The study was carried out at the Special Care Baby Unit (SCBU) of the Benue State University Teaching Hospital (BSUTH), Makurdi, Benue State. The SCBU is the neonatal unit of the hospital where children less than 28 days of age are admitted. The unit is further divided into an out born subunit comprising of 4 cots, 2 incubators, 1 resuscitaire and two phototherapy units and the in born unit which is equipped with 4 cots, 2 incubators, 4 phototherapy units, 2 replaceable oxygen cylinders, 1 resuscitaire and 1 apnoea monitor. The unit is manned by 1 Paediatrician, Paediatric residents and Nursing staff.

Ethical approval for the study was obtained from the BSUTH Health Research Ethical Committee. This was a retrospective descriptive study. The records of all preterm admissions over the 3-year period spanning from January 2014 to December 2016 were retrieved from the hospital records department and information were extracted. All preterm babies admitted into the SCBU of BSUTH born at gestational ages of less than 37 completed weeks of gestation were included into the study while those born at or after 37 completed weeks were excluded. Information obtained from the patient’s hospital records include gestational age at birth, sex, birth weight, whether inborn or out born, risk factors for preterm birth, duration of hospital stay, medical problems during the period of admission and outcome. The gestational ages at birth were confirmed by the new Ballard score system [9] . The birth weights were taken as the first recorded weight at birth for the in born or the weight on admission for out born who presented within 24 hours of life. They were classified into three 3 main categories according to gestational age at birth with those born between 32 to 36 weeks classified as mild and 28 to 31 weeks very preterm and less than 28 weeks as extremely preterm for birth.

Statistical Analysis: Data was analyzed using SPSS version 15 statistical package and significance was determined at P < 0.05.

3. Results

During the study period, a total of 778 neonates were admitted out of which 95 (12%) were preterms with gestational ages ranging from 21 - 36 weeks (Table 1) and birth weights from 500 g to 2490 g. The average mean gestational age was 31.27 ( ±3.2) with a mean birth weight of 1.44 kg (±0.45). There were 48 males and 47 females (M: F 1.02) (Table 2). 76 (80.0%) were delivered by spontaneous vaginal delivery while 19 (20.0%) were delivered by caesarean section. A total 37 (39.0%) were delivered in BSUTH while 58 (61.0%) were delivered elsewhere and referred or brought into SCBU of BSUTH hence were considered as out born. The duration of hospital stay ranged from 1 - 90 days, with a mean duration of 17 days (±15.2 days).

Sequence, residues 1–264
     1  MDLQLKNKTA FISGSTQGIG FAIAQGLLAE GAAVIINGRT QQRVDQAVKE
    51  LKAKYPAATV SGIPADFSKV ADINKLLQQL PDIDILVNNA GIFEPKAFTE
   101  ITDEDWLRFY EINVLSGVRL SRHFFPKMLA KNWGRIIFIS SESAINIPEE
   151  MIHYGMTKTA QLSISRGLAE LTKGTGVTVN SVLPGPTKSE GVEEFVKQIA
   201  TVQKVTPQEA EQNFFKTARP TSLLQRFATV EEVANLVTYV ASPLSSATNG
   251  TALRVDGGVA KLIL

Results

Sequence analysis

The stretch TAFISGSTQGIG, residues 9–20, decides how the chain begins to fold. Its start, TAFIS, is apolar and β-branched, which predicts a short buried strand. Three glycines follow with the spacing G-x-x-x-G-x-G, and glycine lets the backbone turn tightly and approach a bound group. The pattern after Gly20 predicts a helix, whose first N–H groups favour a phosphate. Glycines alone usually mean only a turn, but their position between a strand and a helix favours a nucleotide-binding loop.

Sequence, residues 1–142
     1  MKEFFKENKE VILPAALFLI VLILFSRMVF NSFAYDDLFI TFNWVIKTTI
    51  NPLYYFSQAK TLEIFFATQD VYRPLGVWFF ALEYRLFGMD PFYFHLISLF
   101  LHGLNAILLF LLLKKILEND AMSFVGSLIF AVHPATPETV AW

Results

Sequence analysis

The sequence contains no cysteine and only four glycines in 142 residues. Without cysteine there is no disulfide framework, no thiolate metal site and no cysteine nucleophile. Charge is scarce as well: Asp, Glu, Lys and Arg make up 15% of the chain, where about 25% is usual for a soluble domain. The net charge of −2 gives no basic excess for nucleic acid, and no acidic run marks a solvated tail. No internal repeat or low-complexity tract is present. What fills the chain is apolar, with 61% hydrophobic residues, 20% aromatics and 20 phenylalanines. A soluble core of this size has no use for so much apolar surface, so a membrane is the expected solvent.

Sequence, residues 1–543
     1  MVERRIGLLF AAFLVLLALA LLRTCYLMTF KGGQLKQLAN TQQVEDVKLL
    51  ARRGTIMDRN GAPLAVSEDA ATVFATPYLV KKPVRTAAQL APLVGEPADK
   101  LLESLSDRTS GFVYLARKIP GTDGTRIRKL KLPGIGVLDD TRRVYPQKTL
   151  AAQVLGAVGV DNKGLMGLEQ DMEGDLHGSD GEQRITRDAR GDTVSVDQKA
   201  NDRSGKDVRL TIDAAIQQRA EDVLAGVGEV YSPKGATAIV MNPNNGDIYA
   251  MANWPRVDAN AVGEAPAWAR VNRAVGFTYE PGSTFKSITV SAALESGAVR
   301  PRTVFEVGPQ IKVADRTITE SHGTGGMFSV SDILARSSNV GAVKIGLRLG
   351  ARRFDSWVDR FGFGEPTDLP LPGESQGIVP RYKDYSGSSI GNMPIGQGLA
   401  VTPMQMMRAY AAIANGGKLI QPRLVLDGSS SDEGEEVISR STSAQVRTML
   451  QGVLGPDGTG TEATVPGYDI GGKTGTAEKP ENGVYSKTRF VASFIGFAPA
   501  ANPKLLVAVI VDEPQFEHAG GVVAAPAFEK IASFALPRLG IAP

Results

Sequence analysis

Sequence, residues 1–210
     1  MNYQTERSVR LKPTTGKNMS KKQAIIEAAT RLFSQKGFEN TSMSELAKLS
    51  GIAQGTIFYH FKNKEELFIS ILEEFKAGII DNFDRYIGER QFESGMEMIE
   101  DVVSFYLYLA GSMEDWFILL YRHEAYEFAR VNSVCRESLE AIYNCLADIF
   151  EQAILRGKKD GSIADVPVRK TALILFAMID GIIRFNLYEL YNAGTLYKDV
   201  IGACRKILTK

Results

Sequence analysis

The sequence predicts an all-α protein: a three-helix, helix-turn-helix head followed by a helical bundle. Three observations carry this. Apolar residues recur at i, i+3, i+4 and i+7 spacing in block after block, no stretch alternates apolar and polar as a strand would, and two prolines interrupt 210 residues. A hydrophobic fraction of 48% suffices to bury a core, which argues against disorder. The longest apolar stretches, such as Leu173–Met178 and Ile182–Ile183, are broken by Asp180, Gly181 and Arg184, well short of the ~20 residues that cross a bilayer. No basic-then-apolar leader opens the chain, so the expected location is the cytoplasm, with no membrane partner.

Table 2 shows the sex distribution according to the gestational age. More females were born at 35 weeks gestation as compared to males at 31 weeks.

Table 1. Gestational ages of the patients.

Table 2. Gestational age & sex distribution.

X2 = 9.435; p = 0.582.

Among the preterm babies, 40 (42.1%) very low birth weight (VLBW), while 13 babies (13.7%) extreme low birth weight (ELBW) (Table 3).

Of the 95 preterm, 60 (63.2%) were discharged, 27 (28.4%) died, while 8 (8.4%) were discharged against medical advice (DAMA) (Table 4).

As shown in Table 5, the commonest risk factor for preterm birth was preterm rupture of membranes (PROM) in 52 (54.7%) of the patients followed by multiple pregnancy 29 (30.5%) and lack of ANC 24 (25.3%) respectively.

Table 6 shows the clinical outcome according to the gestational age; the outcome was better at gestational ages between 31 - 36 weeks and worst at gestational age below 30 weeks.

Table 7 shows the Morbidity and Mortality Pattern, sepsis was the commonest condition in 33 (34.7%) followed by respiratory problems 19 (20.0%) and jaundice 14 (14.7%) of the patients.

4. Discussion

In the present study, preterm admissions constituted 12% of all the admissions at the special care baby unit of the BSUTH. This is less than 16.4% reported by McGil Ugwu [10] at the Delta State University Teaching Hospital and 24.0% reported by Kunle-Olowu et al. [11] at the Niger Delta University Teaching Hospital (NDUTH), Okolobiri, Bayelsa state all in Southern Nigeria. Onwuanaku et al. [12] in Jos University Teaching Hospital, North central Nigeria from the same geopolitical zone reported 31.3% which is higher than that reported in our study. The reasons for these differences are not clear but maybe due to